Y1AtADYl (resized).jpg

I got some good sleep on a comfy couch, then the next day I loaded that up, then made my way up to Leesburg, Virginia to pick up a 1969 Gottlieb Skipper in beautiful condition for a great price, thankfully the guy held it for me for around two weeks since we both had a very tight schedule (he could only meet Mondays and Wednesdays after 5, so I did by no means string him along, and also offered him his asking price straight-away as it was fair for both of us), this lovely looking machine will be a great addition to my collection! I was even pretty surprised when I walked in the door at the condition of the things like the coin door and the apron, and the inside of the game is untouched and BEAUTIFUL. All original wiring with no hacks always looks gorgeous! Some may say around this game looks a little empty but I have a very open mind and LOVE LOVE LOVE stuff like this, and I enjoy straying away from the usually collected machines. I still have a ball, no pun intended! This machine has some cool features and will be fun to also have some multiplayer "matches" on! Now speaking generally, I love the late 60's small-flipper 4-digit Gottlieb games for so many different reasons. They have my heart, but I'm sure you can say that about a lot of eras of machines. These are truly special in my opinion though and I'm glad they don't carry the same popularity as the early 60's games or the late 70's games because I always end up getting them for great prices since I'm a deal seeker, and I believe they are the coolest of the three eras (rat trap reel, 4 digit decagon reel, and 5 digit decagon reel is what I separate them by in my head) because they still carry that 60's artwork while looking great in modern times, unlike the early 60's Gottlieb games, which in my opinion have cool 60's artwork but admittedly are not always very attractive in all corners, usually just "historically cool" - not artwork I would hang up in my kitchen, per se. But that's just my opinion! The later 60's Gottlieb games designed by different artists after Roy Parker passed away have a modern sleekness to them and genuinely eye-pleasing art basically. Thankfully something that Star-Jet has as well, of course! That alone makes it a grail for most people and is why it can have such a hefty price tag! Space race art is definitely a very cool thing loved by most, and combine that with retro-futurism and you have a true gem on your hands!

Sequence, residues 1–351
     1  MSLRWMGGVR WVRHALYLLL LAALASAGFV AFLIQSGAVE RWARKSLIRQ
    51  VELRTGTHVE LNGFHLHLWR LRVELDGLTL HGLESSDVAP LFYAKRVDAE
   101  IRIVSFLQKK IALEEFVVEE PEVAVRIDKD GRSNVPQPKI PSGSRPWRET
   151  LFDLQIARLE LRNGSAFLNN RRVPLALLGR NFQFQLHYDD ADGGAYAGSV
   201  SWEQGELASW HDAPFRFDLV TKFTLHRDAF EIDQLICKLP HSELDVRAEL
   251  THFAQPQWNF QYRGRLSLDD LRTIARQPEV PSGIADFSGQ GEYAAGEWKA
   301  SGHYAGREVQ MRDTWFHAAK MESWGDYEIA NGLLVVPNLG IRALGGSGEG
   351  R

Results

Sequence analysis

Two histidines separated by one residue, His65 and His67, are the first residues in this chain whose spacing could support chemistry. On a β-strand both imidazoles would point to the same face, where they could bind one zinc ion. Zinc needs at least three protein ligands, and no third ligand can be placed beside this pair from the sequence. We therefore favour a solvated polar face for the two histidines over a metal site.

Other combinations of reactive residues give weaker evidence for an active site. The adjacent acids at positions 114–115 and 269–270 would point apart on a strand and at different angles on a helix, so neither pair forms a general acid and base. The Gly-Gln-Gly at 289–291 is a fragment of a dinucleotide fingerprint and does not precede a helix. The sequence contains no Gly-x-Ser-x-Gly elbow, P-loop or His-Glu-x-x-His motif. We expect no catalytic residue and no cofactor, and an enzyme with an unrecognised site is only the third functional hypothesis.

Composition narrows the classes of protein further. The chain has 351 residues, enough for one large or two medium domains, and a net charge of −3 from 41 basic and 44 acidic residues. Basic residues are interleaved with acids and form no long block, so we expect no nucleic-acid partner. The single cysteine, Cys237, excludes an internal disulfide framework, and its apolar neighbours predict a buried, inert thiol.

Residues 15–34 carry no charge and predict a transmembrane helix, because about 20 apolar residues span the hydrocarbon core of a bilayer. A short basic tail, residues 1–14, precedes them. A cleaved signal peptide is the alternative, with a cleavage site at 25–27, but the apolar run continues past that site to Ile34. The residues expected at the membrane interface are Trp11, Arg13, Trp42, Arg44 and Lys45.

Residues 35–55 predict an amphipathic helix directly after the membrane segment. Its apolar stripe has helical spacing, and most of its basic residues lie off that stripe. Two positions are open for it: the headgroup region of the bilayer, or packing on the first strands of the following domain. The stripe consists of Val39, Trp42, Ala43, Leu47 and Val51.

Some of my favorite pinball art of all time is done by both Art Stenholm (first) and Gordon Morison (second), both mainly from the late 60's and 70's, and Skipper is no exception, being the work of Mr. Art Stenholm himself way back before its release by Gottlieb in November of 1969.